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Endowments

Domestic equities, alternatives drive double-digit returns for endowments

Heather Myers touted alternative investments as a big reason for the healthy returns of some endowments.

updated with correction

Asset allocation continues to drive returns for U.S. endowments, as industry experts agreed that those with healthy exposures to U.S. equities and alternatives allocations topping 30% performed well during the most recent fiscal year.

All 27 $1 billion-plus endowments tracked by Pensions & Investments so far had positive returns for the fiscal year ended June 30, with all but six posting double digits.

"There's a lot of good news all around. Most endowments produced absolute returns that exceeded their long-term investment objectives," said Kenneth Shimberg, U.S. endowment and foundations chief investment officer at Mercer Investments, Boston. "The asset allocations of these endowments are very telling as to what the returns are."

One-year returns for fiscal 2018 ranged from 15.7% for the $1.6 billion endowment of Bowdoin College, Brunswick, Maine, to 7.7% for Columbus-based Ohio State University's $5.2 billion endowment.

Endowments far outperformed public pension funds in the year. The median 12-month return for the large U.S. endowments in P&I's universe as of June 30 was 11.3%, vs. 13.2% the year before. By comparison, the median one-year return of the 58 pension plans tracked by P&I was 8.98%.

Heather Myers, a partner, non-profit practice leader at Aon Hewitt Investment Consulting, Boston, said in a phone interview that alternatives performed incredibly well in the past fiscal year for endowments.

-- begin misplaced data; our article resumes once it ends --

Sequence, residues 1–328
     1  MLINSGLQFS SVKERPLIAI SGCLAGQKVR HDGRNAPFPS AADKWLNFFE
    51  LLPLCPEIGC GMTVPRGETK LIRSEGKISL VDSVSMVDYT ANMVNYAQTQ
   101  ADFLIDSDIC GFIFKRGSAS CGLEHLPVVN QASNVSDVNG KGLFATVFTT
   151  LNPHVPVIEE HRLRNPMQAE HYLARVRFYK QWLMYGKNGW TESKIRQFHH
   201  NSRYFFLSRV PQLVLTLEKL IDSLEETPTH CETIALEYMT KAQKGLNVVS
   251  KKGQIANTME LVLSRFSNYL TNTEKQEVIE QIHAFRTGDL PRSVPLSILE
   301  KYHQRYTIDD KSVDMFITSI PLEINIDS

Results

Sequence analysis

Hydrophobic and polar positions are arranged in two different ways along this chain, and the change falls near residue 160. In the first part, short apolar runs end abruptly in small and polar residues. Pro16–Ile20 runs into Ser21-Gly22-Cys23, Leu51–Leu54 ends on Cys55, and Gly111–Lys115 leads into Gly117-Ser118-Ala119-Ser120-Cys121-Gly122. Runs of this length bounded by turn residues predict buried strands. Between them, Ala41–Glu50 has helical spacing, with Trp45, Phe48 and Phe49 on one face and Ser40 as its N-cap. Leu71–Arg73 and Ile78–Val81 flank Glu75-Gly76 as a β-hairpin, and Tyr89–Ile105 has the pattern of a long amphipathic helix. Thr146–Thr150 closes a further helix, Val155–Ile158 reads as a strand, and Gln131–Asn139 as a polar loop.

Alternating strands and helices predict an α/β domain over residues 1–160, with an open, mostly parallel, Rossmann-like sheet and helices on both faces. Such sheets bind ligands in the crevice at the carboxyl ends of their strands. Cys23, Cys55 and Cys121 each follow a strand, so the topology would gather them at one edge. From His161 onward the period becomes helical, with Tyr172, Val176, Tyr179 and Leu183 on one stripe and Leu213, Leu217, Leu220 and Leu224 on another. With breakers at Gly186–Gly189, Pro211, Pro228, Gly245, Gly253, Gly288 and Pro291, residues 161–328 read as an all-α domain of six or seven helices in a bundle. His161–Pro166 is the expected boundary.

"Asset allocation continues to be a big driver," said Ms. Myers. "Private equity, venture capital helped. Real estate definitely helped. Some industrial properties did well."

Data from TUCS show that within the realm of equity-like assets (which includes real estate, private equity and hedge funds), small endowments are more likely to concentrate heavily towards U.S. equity, while large endowments are not only more likely to have greater exposure to equity-like assets overall, but also have greater exposure to alternatives in particular.

Equities, alts helped

Mr. Shimberg agreed that "endowments that had healthy exposures to U.S. equities and alternatives fared well," explaining that since global private equity produced returns well into the teens, endowments that had strong exposures to the asset class tended to do well, while those that used hedge fund programs to reduce risk rather than traditional fixed income also saw healthy returns.

"Hedge fund indices provided returns well into the single digits while traditional fixed income produced negative returns," Mr. Shimberg said.

The Wilshire Trust Universe Comparison Service reported that the one-, five- and 10-year average returns for all endowments were 8.6%, 7.6% and 6.4%, respectively. Meanwhile, TUCS reported that the one-, five- and 10-year average returns for endowments with more than $500 million in assets were 10.1%, 8.6% and 6.1%, respectively.

Following Bowdoin College, other schools to see the largest one-year returns were the $25.9 billion Princeton University endowment, at 14.2%; the $16.4 billion Cambridge-based Massachusetts Institute of Technology, 13.5%; $3.8 billion Providence-based Brown University, 13.2%; and the $13.8 billion Philadelphia-based University of Pennsylvania and $8.5 billion Durham, N.C.-based Duke University endowments, both at 12.9%.

The big winners among the schools that disclosed 10-year annualized returns were Bowdoin College at 8.8%; MIT at 8.59%; and the $10.9 billion New York-based Columbia University and Princeton endowments, both at 8%.